COCKEYSVILLE, Md — A unique program that partners retired thoroughbred racehorses with veterans to help combat PTSD is now adapting to help Maryland National Guardsmen who are responding to the COVID-19 pandemic.
"It's been rewarding every day. Just to see the smiles on the faces," employee Steve Mooney said.
Mooney first got involved with Saratoga WarHorse 5 years ago, participating after he got back from a deployment in Afghanistan and suffered from PTSD and insomnia.
"It has help me cope with things a little different. Help me look at stress a little different," Mooney said.
After going through the program in another state, Mooney helped start a branch at the Baltimore County Center for Agriculture in 2018.
"How many marriages did we save? How many people came off substance abuse?" Mooney said.
He said the program changes lives with the connection veterans work to earn from horses.
"They're running around the pen trying to avoid you, and then as you interact with the horse, it comes to a point that the horse is gonna say, 'alright, I wanna be your friend now,'" Mooney said.
"You can see that moment when that horse and that vet decide to become friends, and there's a kind of like a handshake, and that's probably the coolest part of this whole program for me," volunteer Marc Junkerman said.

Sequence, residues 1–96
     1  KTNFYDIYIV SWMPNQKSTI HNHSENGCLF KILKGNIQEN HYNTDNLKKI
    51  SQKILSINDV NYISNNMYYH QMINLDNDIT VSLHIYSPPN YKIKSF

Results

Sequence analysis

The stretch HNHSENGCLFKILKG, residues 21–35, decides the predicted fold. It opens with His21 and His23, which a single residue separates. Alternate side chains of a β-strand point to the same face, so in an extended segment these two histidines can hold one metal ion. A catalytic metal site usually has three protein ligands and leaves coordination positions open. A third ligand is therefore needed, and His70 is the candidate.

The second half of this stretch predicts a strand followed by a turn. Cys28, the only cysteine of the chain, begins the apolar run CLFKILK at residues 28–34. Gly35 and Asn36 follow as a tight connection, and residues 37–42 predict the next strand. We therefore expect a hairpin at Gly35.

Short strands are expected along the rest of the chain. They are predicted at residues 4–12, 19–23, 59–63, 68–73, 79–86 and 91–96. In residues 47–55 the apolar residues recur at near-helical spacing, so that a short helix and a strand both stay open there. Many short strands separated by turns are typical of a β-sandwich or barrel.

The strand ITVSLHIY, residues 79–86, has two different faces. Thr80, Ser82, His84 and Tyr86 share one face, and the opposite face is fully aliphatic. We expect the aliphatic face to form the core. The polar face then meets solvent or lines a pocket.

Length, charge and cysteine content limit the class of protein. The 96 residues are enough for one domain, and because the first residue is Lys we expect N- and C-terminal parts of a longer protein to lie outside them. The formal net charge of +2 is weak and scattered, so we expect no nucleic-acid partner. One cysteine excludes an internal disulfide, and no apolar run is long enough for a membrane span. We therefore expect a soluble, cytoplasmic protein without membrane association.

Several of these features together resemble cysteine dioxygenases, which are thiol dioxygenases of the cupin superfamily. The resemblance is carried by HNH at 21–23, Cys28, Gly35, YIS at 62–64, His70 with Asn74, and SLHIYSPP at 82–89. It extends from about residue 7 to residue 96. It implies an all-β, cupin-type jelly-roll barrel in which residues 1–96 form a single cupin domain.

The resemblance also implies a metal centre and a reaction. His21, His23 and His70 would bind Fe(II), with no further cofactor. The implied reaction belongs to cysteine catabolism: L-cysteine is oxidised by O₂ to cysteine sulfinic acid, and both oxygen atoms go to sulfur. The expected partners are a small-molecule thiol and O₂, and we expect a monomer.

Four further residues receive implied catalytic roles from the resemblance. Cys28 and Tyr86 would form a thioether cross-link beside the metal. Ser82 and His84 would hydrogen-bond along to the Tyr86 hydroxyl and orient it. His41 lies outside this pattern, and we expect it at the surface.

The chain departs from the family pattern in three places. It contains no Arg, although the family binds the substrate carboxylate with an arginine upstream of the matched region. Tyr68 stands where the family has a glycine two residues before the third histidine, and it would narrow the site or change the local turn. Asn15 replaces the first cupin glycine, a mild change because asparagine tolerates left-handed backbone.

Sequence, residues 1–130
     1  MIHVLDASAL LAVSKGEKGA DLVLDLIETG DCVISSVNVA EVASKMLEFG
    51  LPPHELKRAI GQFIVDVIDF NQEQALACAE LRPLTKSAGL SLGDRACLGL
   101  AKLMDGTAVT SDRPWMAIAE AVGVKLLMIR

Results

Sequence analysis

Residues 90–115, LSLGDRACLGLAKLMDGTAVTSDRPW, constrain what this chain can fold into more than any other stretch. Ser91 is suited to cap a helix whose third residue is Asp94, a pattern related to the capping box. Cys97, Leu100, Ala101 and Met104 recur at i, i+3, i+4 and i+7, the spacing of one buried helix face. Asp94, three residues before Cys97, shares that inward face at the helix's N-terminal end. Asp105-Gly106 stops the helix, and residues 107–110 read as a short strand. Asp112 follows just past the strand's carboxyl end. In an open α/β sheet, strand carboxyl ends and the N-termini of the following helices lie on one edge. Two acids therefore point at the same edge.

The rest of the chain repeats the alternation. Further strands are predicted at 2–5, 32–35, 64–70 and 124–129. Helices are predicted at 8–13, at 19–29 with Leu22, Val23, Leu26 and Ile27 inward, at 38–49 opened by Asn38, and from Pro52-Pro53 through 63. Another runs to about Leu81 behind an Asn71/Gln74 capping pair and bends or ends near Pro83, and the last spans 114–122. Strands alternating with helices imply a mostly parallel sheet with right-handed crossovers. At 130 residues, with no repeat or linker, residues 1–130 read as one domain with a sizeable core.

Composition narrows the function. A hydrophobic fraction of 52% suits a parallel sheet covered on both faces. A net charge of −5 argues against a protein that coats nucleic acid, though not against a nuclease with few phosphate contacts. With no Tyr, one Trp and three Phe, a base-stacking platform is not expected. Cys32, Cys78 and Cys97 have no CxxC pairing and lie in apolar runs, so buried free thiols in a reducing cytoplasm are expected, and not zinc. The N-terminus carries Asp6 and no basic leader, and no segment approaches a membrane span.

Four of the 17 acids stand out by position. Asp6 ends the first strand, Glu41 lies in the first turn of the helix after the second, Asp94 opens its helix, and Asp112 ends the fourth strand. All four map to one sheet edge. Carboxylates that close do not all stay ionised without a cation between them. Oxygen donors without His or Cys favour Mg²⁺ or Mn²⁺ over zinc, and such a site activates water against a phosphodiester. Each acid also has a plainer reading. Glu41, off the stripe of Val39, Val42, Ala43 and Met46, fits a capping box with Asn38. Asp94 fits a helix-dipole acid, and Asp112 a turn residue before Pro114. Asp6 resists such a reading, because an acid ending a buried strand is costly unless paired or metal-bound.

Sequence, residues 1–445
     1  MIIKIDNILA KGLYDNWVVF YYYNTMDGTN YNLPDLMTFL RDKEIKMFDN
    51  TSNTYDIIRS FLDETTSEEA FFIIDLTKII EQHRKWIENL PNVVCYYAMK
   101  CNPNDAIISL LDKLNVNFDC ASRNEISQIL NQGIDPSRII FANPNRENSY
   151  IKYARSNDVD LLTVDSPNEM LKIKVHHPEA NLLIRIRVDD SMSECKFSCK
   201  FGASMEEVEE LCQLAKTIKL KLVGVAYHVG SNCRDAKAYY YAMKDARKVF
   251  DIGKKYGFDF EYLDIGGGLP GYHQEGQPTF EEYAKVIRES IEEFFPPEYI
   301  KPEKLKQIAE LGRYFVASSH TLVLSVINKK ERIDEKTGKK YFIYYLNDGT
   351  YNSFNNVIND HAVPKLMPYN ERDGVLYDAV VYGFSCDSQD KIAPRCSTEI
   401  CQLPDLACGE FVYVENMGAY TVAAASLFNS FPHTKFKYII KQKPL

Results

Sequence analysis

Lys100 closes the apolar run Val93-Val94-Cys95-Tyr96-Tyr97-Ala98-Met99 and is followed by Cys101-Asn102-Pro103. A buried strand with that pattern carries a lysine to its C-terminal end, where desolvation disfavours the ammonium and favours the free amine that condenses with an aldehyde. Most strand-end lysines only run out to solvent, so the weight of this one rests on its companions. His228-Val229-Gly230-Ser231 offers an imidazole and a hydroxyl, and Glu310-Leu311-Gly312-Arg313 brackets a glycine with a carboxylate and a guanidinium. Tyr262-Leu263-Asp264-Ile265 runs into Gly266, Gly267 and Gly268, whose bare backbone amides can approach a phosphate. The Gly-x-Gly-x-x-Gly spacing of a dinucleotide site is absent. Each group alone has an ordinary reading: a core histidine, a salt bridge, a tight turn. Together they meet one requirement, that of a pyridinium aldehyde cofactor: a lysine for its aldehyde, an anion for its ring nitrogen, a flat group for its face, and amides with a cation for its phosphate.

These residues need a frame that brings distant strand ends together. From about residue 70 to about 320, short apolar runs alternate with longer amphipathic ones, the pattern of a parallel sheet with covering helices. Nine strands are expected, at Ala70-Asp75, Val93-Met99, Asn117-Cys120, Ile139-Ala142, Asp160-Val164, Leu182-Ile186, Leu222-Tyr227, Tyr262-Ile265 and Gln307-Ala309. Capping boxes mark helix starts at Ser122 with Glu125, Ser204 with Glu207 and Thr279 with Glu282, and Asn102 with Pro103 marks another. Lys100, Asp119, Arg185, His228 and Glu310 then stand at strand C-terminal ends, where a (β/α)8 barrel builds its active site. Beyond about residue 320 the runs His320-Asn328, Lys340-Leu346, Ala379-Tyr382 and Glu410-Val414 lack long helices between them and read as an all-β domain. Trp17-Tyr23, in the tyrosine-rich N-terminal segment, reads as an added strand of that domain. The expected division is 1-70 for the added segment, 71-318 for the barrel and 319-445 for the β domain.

An Army vet, Junkerman also decided to volunteer with the program after participating himself and feeling the change.
"I had to be mindful that whatever I was bringing into that ring had to positive. I had to put all the negativity down because otherwise, you're not going to get that connection with the horse. So, what's really cool is if you put that negativity down and then go in there and connect, you usually bring something better out," Junkerman said. "The flip side is, why would you then pick up something you put down? We will clean it up with the other stuff at the end of the day."
Now, the program is adapting to help the thousands of Maryland National Guardsmen who dropped what they were doing to help the state through this pandemic.
"This is a completely different thing that none of us have dealt with in the past," Tech Sgt. Miriam Jarvis said.
Jarvis was one of the first to try the pilot program on the eve of Veterans Day and said she would definitely tell her fellow service members about the unique opportunity.
"We can relax more when we are outside the base and take off the uniform, and we can just express what we are feeling, so this is a huge opportunity for people to come off base and do that," Jarvis said.
This story was originally published by Abby Isaacs on WMAR in Baltimore.